This weekend I quickly logged onto Twitter to see what’s what and was shocked to see some of the biggest names in travel blogging having a massive pissing match for all the world to see. There was name calling, accusations of abuse, attention whoring and generally showing a complete and utter lack of respect for each other.
This strikes me as the online travel blogging equivalent of two vice presidents screaming obscenities at each other from opposite sides of the building lobby. It's unprofessional. It's childish. And I'm not entirely sure what it is meant to accomplish.
"It’s a publicity stunt,"said Noah.
Absolutely. But publicity for what?
This particular shouting match centered on the #followmeatsea hashtag. In short, a small number of top travel and industry Twitterers have been invited onto a Princess Cruise. Great publicity for all involved. People tweet about their experiences on the cruise. Cruise lines advertise the twitterers. Nice exchange, right?
The other side of the debate goes as such.
First, that cruise ships bring too many people, too much waste and suck enormous resources from tiny islands. Idea being, cruises are generally bad for locals and the environment.
Second, there's doubt as to whether those tweeting will be entirely honest, being that they're being sponsored by the very group they're writing about. That would be the Twitter #twethics debate. Will sponsored journalists really report or are they just paid parrots?
There is much of value to discuss here, and in fact, you can find many people discussing these very things all over the internet.
Matador Network recently published an article by award winning travel writer David Page that discussed whether Freebies Undermine Honesty In Travel Writing with a fabulous many sided discussion in the comments that follow.
Another blog favorite of mine, Traveling Greener, offers endless topics on eco-travel along with resources for research to fuel a well informed debate. Traveling Greener's Twitter page provides even more information.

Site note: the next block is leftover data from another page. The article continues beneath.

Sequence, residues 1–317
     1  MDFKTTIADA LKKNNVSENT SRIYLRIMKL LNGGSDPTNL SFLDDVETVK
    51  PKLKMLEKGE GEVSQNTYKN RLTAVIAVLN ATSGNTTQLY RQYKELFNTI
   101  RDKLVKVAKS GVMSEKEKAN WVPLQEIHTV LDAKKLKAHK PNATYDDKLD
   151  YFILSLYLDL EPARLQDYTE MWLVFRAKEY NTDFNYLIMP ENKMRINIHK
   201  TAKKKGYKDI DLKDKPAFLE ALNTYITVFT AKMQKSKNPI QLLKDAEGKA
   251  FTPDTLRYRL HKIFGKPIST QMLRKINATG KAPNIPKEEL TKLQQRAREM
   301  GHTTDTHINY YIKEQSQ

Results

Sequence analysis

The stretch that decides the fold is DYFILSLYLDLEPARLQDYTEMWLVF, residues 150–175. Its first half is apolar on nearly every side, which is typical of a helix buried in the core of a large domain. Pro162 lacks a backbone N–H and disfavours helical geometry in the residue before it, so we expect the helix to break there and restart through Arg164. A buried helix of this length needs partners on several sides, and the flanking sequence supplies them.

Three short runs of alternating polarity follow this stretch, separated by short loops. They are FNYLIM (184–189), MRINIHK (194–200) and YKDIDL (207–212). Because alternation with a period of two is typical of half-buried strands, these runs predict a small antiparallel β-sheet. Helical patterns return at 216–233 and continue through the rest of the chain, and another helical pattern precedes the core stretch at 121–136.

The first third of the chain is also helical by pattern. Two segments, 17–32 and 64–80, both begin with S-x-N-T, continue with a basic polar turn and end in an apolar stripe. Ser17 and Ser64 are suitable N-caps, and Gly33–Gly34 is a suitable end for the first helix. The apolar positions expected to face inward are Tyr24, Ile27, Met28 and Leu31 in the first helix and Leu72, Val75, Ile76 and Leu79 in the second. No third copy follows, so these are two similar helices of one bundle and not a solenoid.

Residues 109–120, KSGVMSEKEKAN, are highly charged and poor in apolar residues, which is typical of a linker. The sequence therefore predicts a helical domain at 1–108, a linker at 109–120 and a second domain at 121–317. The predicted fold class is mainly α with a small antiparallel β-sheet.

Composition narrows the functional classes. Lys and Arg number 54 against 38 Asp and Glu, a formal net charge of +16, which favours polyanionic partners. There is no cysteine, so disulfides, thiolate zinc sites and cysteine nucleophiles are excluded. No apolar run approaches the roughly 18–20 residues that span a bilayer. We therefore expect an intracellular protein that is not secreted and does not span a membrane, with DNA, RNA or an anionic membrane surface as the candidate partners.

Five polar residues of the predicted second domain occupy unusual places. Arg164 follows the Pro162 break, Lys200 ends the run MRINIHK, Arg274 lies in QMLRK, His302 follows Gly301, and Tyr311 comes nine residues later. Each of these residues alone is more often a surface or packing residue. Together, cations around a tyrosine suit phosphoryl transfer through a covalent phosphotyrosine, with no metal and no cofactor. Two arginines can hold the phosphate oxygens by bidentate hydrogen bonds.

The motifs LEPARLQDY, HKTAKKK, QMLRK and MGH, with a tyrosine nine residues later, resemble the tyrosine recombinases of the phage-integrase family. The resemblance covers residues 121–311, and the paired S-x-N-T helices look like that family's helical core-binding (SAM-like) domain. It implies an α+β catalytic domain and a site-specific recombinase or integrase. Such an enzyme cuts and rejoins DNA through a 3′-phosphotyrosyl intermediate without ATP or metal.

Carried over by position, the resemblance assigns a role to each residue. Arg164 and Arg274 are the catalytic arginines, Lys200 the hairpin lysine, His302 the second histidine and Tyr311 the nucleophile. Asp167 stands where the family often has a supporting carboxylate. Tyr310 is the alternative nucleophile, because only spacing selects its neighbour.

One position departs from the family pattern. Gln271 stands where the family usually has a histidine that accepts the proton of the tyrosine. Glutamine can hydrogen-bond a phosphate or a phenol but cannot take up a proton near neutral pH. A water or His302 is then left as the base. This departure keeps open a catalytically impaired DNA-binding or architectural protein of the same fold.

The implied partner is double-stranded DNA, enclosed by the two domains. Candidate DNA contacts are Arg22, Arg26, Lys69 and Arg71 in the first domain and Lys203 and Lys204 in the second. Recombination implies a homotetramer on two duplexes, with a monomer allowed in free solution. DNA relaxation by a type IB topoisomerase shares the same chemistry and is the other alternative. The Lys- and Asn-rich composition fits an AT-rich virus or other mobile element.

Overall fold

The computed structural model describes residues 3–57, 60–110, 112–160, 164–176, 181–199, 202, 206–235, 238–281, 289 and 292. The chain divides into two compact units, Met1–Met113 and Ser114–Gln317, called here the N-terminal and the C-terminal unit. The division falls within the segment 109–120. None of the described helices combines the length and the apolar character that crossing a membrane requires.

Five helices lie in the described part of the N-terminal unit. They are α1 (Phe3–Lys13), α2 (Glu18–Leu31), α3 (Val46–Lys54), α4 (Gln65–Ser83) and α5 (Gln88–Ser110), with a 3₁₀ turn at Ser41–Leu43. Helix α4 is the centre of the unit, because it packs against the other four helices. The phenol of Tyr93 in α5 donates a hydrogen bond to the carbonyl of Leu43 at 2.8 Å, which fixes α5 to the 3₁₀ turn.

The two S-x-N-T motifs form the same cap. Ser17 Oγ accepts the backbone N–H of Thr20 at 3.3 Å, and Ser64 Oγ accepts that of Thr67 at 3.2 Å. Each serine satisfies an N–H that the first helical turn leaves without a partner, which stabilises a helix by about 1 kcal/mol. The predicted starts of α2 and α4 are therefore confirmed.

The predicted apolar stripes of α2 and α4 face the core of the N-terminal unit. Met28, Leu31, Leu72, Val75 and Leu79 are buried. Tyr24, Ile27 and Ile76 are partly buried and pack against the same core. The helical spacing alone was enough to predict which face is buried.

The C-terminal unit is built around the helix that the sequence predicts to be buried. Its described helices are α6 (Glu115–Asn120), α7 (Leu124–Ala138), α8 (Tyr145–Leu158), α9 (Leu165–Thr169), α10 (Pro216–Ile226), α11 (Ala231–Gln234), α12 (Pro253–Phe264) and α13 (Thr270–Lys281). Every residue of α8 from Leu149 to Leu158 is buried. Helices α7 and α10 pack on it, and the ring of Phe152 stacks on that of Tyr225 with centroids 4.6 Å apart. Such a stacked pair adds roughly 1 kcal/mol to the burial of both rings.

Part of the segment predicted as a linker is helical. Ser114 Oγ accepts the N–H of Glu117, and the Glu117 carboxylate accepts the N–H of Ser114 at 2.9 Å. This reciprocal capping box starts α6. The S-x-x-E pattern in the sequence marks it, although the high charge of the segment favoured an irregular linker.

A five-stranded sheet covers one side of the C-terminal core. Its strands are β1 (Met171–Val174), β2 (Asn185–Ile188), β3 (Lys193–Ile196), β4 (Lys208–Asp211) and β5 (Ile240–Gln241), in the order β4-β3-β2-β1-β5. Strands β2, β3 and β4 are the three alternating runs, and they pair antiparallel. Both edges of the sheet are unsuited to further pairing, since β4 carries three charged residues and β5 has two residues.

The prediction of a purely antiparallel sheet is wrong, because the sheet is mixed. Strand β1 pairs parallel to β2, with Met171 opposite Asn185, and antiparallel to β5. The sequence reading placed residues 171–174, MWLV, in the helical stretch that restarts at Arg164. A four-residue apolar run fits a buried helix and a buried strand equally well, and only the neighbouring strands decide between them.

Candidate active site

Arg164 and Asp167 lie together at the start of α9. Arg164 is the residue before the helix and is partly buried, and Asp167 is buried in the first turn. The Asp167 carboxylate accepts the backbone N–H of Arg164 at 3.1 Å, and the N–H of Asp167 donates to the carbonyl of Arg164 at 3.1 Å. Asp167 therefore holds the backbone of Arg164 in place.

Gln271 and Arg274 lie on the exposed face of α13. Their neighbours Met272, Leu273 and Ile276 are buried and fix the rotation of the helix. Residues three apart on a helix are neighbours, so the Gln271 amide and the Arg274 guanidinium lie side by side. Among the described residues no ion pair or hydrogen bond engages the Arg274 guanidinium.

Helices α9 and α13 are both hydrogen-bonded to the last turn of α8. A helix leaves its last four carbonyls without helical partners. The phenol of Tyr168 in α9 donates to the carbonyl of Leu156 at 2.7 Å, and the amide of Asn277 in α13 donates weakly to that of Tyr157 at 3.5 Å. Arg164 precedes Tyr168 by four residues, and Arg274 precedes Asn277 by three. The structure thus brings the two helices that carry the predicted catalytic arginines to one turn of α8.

Yet I get this niggling feeling none of this weekend's shouting has to do with a desire for open discussion and debate. It seems to be more of a naked grab for attention.
This is a subject I’ve thought quite a bit about since
somehow becoming a travel blogger myself.
Writing about travel wasn’t’ something I set out to do but was really a logical conclusion to my being a writer with an internet and website design work history embarking on a three year journey.
I’ve often thought about what it would take to be a top, money-making travel blogger. Much of which I'm willing to do. I am willing to seek out and write what I believe to be superlative content. I enjoy making contact with other bloggers and do my best to publicize other’s great content through the travel blogging world.
What I have not been willing to do is engage in the endless debates across the internet when it seems that the main purpose of the debate is for self-promotion and does little to further community or real discussion. Unfortunately, too often, blog comments are just a sneaky way of saying "Hey, look at me! Leave this here blog and come see what amazing, wonderful things I'm doing on MINE!"
I also find myself frustrated when I spend time reading on other travel blogs, only to see the same small group of people commenting and discussing with each other, hawking their personal experiences as the end all and be all and creating controversy where there need be none.
Somewhere in there, the real issues drown and disappear.
I have absolutely no problem with readers sharing their experiences in comments on my blog or elsewhere. I welcome and relish it. Your comments allow me to stay in touch with what other writers, bloggers and readers are doing and thinking. I always appreciate a well placed comment that leads me to a valuable, necessary resource.
It’s a balance. We need people viewing our pages in order to have any real attention brought to the topics, causes and ideologies we want to support. But at what point does the balance shift toward selfish navel gazing?
Photo courtesy of rockmixer's Flickrstream